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ABSTRACT: The effect of sex hormones on the protein and collagen content of the temporomandibular joint (TMJ) disc of adult male and female rats. One hundred forty-four Wistar rats were assigned to 14 groups of 12 each. Two groups, one female and one male, served as a control and received no treatment, and two other groups (one female and one male) received a sham gonadectomy and placebo hormone. The remaining 10 groups (five males and five females) received either orchiectomy or ovariectomy, followed by administration of estrogen, progesterone, combined estrogen and progesterone, or testosterone. The total protein and collagen content of the TMJ disc were determined using the calorimetric hydroxyproline method. The collagen content of TMJ discs of control males was statistically greater than the collagen content of the control female rats. This difference disappeared after ovariectomy of females and orchiectomy of males. Also, there was a general trend for a decrease in collagen and protein content to be produced by estrogen, progesterone, and by estrogen combined with progesterone in castrated male and female rats, and by orchiectomy of male rats. There was also a trend toward an increase in collagen and protein content after ovariectomy in female rats and administration of testosterone to castrated male and female rats. However, the only statistically significant effect of the drugs tested was that of estrogen combined with progesterone in ovariectomized female rats (a lowering effect on the total protein) and of estrogen alone in orchiectomized male rats (a lowering effect on the collagen content). Steroid sex hormones have an effect on the collagen and protein content of the TMJ disc of the rat as indicated by the difference in the values between control males and females and by the disappearance of this difference on castration of both male and female animals. This was also manifested by the significant effect of estradiol on collagen content of castrated males, by the effect of estrogen combined with progesterone on the protein content of castrated females.Journal of Oral and Maxillofacial Surgery 07/1996; 54(6):721-7; discussion 727-8. · 1.33 Impact Factor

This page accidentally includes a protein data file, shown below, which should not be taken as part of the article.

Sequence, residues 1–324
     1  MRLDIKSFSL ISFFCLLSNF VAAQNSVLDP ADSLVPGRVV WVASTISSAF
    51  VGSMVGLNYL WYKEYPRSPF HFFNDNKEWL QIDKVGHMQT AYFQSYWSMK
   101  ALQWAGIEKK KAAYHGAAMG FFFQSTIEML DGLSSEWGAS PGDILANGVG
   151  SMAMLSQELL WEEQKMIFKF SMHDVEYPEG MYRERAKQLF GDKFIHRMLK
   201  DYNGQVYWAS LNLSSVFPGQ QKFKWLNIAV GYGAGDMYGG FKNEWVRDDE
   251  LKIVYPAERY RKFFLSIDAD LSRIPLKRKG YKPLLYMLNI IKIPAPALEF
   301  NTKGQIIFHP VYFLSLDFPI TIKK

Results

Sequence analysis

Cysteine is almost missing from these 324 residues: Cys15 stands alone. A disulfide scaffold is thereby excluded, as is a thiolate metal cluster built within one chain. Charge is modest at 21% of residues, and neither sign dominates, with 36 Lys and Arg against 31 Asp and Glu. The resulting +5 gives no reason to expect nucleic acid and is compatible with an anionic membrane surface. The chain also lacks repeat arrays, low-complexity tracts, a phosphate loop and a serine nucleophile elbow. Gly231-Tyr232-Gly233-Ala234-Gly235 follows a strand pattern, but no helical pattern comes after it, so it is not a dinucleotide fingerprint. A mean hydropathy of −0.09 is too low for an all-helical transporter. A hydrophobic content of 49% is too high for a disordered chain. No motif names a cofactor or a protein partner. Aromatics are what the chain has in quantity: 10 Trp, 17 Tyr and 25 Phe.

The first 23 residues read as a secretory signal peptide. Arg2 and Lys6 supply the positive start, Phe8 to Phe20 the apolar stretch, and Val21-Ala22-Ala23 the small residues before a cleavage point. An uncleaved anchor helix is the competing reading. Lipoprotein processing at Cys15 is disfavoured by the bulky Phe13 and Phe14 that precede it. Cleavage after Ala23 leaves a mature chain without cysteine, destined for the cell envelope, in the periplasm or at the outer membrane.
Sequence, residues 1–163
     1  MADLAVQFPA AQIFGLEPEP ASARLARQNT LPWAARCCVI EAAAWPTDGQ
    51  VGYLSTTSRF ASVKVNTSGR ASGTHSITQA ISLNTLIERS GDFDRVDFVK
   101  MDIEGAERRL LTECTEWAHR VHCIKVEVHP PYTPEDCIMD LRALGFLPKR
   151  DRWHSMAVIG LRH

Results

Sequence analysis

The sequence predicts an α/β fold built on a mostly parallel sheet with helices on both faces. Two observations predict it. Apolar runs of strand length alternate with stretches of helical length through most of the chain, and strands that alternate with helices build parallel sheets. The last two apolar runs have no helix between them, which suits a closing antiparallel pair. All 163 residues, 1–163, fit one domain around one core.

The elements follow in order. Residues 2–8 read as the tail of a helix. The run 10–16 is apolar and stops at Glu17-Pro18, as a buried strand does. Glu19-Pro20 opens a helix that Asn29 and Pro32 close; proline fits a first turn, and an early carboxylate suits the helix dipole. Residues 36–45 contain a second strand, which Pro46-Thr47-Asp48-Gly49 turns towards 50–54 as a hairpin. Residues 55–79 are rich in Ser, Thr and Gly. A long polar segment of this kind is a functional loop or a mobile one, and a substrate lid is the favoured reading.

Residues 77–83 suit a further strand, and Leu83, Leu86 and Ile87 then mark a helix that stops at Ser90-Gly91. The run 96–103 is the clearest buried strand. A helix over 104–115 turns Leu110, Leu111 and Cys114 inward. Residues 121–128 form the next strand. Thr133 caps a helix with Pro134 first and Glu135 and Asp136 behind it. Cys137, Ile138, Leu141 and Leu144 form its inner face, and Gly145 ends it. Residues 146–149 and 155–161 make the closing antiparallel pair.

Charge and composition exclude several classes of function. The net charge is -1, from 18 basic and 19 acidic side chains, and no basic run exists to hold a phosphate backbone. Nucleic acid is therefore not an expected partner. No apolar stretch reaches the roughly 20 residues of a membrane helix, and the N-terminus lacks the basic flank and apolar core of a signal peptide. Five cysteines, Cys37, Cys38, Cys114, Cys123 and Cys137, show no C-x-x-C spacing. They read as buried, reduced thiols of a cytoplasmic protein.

Article: Estrogens and Osteoarthritis[show abstract] [hide abstract]
ABSTRACT: Clinical and laboratory observations suggest that a relationship exists between sex hormones and the development of osteoarthritis. The mechanisms whereby these hormones influence the pathophysiology of osteoarthritis have been explored. Tamoxifen, an estrogen antagonist, reduced erosive changes in meniscectomy-induced osteoarthritis in rabbits. By contrast, estradiol worsened it. There was no effect of either agent on the incidence of osteophytes in this model. Both estradiol and tamoxifen affected proteoglycan, prostaglandin, and proteoglycanase production by cartilage components. These observations suggest that cartilage is a sex hormone-sensitive tissue. This may have therapeutic implications in the future. (C) Lippincott-Raven Publishers.Clinical Orthopaedics and Related Research 11/1986; 213. · 2.79 Impact Factor